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Psychotherapy

Review of "The Mummy at the Dining Room Table"

By Jeffrey Kottler and Jon Carlson
Jossey-Bass, 2003
Review by Patricia Ferguson, Psy.D. on Feb 1st 2005
The Mummy at the Dining Room Table

As indicated in the title, this book is the presentation of clinical examples 32 therapists found illustrative and interesting to the point of uniqueness. Although many of the examples are unique, I think in some cases the titles are more unique than the examples. But the book is still worth reading, very much so, since it includes therapists who are all renowned for their theories. As a writer and editor myself, I think this book does a fine job of following the adage given to writers: "Show, don't tell." The book is written following interviews by Kottler and Carlson with the therapists.

   Another basis clinicians could use for choosing a case was choosing one they felt unprepared to treat.  One of the ways I've conceptualized my decision to work as a psychologist is that I love to figure out the puzzle in the presented case, and solve it. To my amazement, Kottler has similar motivations as stated in his case chapter, "I had chosen my profession because I enjoyed playing detective and getting at the root of matters."

The other aspect of these stories is that the chosen examples are "as transformative for the therapists as they were for their clients." This is true for me too. I think I've learned something about myself from just about all of my clients.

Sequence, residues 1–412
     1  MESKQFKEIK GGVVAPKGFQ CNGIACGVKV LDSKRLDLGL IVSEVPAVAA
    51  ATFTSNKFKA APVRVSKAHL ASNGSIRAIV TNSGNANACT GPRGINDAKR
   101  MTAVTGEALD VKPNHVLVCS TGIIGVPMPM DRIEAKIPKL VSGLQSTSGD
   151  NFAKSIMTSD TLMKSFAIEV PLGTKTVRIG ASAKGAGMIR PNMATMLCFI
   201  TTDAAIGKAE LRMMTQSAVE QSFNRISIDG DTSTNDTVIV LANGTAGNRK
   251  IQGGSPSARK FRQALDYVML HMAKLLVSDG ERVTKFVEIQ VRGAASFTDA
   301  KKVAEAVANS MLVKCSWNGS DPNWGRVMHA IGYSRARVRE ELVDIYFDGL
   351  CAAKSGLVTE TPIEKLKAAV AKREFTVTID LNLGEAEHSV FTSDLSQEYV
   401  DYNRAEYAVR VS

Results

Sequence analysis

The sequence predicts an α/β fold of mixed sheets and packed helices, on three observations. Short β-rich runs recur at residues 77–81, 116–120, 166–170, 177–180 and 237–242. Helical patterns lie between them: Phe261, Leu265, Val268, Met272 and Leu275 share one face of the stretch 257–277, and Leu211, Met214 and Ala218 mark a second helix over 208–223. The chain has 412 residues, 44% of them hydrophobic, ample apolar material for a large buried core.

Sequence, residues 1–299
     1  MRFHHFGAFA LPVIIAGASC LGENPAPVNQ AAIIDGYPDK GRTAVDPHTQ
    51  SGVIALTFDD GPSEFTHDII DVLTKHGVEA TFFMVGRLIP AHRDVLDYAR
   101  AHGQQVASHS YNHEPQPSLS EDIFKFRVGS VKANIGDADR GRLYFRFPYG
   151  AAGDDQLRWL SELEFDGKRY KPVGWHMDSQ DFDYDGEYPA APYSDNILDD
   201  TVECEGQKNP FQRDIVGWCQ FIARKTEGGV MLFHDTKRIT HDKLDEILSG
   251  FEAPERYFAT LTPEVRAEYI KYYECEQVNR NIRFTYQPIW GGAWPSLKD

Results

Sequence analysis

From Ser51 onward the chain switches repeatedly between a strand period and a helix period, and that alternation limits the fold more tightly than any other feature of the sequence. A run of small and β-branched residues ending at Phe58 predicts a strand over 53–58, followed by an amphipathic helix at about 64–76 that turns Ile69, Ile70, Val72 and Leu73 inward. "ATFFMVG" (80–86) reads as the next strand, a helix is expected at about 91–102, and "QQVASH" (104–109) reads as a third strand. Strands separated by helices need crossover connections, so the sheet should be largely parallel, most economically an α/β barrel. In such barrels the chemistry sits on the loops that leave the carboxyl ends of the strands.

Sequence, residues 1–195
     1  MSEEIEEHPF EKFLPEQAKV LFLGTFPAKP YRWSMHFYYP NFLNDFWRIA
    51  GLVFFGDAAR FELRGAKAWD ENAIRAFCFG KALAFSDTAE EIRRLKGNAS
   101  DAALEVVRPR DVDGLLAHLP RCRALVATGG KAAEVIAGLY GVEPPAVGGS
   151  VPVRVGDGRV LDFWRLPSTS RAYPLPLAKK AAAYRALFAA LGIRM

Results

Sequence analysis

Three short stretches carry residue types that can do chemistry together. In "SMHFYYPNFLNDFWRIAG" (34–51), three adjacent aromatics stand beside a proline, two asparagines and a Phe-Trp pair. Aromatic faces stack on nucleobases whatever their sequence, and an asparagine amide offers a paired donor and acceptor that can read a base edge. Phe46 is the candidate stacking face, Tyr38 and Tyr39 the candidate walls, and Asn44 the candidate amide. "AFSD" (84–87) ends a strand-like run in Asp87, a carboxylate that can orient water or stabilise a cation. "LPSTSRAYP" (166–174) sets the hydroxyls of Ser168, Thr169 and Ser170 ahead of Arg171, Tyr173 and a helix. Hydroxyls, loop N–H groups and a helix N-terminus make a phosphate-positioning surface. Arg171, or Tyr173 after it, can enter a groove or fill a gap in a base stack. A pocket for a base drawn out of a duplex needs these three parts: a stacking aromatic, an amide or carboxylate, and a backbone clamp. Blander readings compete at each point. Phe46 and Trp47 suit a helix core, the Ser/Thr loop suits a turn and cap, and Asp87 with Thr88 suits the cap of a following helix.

Some of the therapists in this book include Frank Pittman, Arnold Lazarus, William Glasser, Albert Ellis and Jay Haley. Jeffrey Kottler and Jon Carlson are the two who put this book together. Carlson has already produced numerous videotapes of professionals "showing their theories in action." These are the kinds of things I would have liked to have seen when I was in graduate school--my own professors practicing therapy.  In all my years in school, that never happened.

But I have seen some of the therapists from this book in trainings and conferences I've attended, and they are all interesting individuals. This is to be expected since they are creative enough to have come up with unique approaches to treatments. I and others have wondered if it is their particular personality that makes their approach work for them, more than it may work for the majority of clinicians. However, many of them have done significant research on their methods, in order to reveal the effects.

A brief biography, focusing on clinical work such as therapy and publications, is given at the beginning of each chapter. This is the only time the reader learns what the unique approach the therapist is using.  Also, this book is about psychologists, social workers, psychiatrists, and therapists from every persuasion.  This book is one of the best views of therapy from the inside mind of the therapist that I have read in a long time.

 

© 2004 Patricia Ferguson

 

Patricia Ferguson, PsyD, is a clinical psychologist, author, and editor-in-chief of an award-winning ezine, www.apolloslyre.com.  She has numerous publications in the area of psychology, nuclear medicine, aggression between teenage girls, and rape. She writes book reviews for several online ezines and is currently working on a book about writing with several writing colleagues due in 2005. She is also working on another book of her own. She and her husband and son reside in northern California.

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